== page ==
1.B) For Balto-Slavic, it seems they were not part of the eastern Corded Ware peoples: the Copenhagen group denies an Indo-Slavonic group in the Nature paper, referring instead to a dominion of early Iranians in the steppes, following their traces to proto-historic and historic Iranian-speaking peoples. And we knew already that Bell Beakers dominated over Central-East Europe, before the resurge of R1a-Z645 lineages in the region, which is compatible with the North-West Indo-European nature of their language undergoing a satemization process similar (but not equal to) to the Indo-Iranian one (see the full discussion on Balto-Slavic here).

NOTE. The few ancestral traits common to Germanic and Balto-Slavic are today considered a common substrate language to both, and not due to close contacts (and still less a common branch, as was proposed in the 1st half of the 20th c.). You can read e.g. Kortlandt’s Baltic, Slavic, Germanic (2017), or our Corded Ware substrate hypothesis (2017). In both theories, the referenced substrate is likely a non-Indo-European language, and in both cases it is related to the Corded Ware culture, which represents their most common immediate ancestral population before the spread of Bell Beakers.

2) The late Corded Ware groups of Finland and Estonia, as well as Fatyanovo and Abashevo (and succeeding groups of Eastern Europe) may now be more clearly associated with Proto-Finno-Ugric dialects, and thus probably Corded Ware groups in general with Uralic languages, whose western branches have not survived to this day, with their culture and language being replaced quite early by expanding Bell Beakers.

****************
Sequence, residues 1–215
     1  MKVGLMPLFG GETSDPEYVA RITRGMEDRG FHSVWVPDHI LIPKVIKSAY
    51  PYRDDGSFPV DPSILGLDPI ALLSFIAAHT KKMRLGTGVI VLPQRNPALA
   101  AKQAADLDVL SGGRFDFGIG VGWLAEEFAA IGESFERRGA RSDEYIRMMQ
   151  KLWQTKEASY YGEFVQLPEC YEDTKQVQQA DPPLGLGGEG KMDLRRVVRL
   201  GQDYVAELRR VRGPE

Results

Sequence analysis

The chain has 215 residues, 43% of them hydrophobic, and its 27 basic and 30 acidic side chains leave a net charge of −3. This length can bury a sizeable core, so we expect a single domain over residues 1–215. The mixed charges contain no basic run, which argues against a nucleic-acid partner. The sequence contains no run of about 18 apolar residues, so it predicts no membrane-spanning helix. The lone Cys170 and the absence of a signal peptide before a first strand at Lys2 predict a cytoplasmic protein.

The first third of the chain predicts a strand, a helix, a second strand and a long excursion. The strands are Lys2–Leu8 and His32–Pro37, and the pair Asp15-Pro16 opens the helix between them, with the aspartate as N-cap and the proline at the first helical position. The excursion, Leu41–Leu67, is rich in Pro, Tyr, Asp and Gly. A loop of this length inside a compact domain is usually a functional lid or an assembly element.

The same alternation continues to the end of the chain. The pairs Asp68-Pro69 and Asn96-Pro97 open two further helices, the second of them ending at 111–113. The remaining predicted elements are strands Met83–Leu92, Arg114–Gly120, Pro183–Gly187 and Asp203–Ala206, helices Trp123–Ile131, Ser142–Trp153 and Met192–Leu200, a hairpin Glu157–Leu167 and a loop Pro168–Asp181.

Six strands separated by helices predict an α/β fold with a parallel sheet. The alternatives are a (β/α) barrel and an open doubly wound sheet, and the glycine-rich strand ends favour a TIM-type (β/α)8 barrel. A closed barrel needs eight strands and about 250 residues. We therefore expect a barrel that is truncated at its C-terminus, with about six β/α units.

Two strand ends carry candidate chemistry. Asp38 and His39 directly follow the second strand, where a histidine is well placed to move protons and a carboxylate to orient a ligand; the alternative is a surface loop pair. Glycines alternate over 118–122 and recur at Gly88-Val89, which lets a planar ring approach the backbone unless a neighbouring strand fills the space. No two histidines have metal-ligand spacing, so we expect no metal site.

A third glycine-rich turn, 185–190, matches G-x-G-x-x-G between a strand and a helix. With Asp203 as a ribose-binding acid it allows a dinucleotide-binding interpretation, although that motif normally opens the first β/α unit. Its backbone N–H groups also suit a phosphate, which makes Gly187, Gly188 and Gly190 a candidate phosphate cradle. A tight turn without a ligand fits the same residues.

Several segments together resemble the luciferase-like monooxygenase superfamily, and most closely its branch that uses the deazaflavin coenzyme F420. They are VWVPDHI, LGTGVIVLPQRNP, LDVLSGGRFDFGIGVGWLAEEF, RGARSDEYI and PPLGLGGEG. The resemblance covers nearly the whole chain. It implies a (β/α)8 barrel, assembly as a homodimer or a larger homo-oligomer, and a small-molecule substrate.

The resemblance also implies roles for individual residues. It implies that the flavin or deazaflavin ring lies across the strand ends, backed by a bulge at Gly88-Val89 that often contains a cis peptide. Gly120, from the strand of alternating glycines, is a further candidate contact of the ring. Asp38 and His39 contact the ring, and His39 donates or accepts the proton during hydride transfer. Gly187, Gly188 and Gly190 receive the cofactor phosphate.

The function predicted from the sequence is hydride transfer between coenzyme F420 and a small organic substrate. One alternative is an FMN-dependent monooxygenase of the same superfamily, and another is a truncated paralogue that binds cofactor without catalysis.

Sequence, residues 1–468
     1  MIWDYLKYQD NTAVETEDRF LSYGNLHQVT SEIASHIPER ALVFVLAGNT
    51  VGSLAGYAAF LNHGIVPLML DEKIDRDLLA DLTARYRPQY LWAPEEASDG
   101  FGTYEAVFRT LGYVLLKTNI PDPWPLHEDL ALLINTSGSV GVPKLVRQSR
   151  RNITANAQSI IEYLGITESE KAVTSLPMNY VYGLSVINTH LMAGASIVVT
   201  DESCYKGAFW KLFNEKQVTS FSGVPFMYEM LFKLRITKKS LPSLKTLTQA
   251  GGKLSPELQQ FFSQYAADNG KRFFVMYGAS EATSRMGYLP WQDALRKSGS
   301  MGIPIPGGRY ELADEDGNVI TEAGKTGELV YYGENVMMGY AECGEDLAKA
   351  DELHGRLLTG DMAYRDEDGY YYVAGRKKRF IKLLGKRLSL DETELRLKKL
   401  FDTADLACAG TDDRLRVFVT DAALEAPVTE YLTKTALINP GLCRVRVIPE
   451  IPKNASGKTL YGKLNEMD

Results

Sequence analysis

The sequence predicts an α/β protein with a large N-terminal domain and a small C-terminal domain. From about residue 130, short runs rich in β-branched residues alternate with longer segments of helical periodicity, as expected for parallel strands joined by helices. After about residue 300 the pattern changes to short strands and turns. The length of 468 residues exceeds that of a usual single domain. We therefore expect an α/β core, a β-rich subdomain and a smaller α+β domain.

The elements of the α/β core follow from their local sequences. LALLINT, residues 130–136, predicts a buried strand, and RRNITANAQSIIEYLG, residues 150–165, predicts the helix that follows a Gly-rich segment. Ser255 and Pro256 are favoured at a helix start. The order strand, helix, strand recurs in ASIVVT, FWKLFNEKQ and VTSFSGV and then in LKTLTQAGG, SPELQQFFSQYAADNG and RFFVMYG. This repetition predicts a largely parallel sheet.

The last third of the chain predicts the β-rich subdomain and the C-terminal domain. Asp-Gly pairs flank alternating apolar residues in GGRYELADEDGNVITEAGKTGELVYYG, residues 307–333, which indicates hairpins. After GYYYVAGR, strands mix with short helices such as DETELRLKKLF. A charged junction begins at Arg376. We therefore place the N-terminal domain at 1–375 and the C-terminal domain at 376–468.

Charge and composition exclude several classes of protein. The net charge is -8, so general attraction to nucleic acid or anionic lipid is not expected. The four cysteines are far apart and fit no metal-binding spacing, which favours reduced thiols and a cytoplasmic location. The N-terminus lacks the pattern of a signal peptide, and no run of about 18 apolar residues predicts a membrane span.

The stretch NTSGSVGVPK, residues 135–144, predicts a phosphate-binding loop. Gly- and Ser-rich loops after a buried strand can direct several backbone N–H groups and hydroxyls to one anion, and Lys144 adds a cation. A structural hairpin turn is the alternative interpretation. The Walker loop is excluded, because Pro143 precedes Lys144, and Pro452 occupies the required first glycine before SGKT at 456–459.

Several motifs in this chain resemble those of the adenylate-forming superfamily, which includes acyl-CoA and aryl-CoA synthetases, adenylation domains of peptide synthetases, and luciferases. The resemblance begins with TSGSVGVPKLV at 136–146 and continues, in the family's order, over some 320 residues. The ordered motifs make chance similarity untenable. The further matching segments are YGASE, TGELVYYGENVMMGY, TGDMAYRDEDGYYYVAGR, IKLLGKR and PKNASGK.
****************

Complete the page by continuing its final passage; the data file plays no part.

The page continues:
NOTE. While the demise of Central and Central-East European CWC groups is evident, continuous contacts among Battle Axe culture groups in Scandinavia and the Gulf of Finland through the Baltic Sea – and the strong Bronze Age Palaeo-Germanic influence on Finnic languages (stronger than earlier Indo-Iranian borrowings) may point to the continuity of Proto-Finnic in Northern Scandinavia, which may force a reinterpretation of the prehistoric location of Proto-Finnic-speaking groups.

Those supporting a Corded Ware expansion of Germanic or Balto-Slavic with R1a subclades, now rejecting the expansion of Proto-Indo-European from an Anatolian homeland (following the spread of Neolithic farmer ancestry), and negating the close Proto-Indo-Iranian – Uralic contacts, are willfully ignoring linguistic, archaeological, and genetic data whenever it does not fit with their previous theories.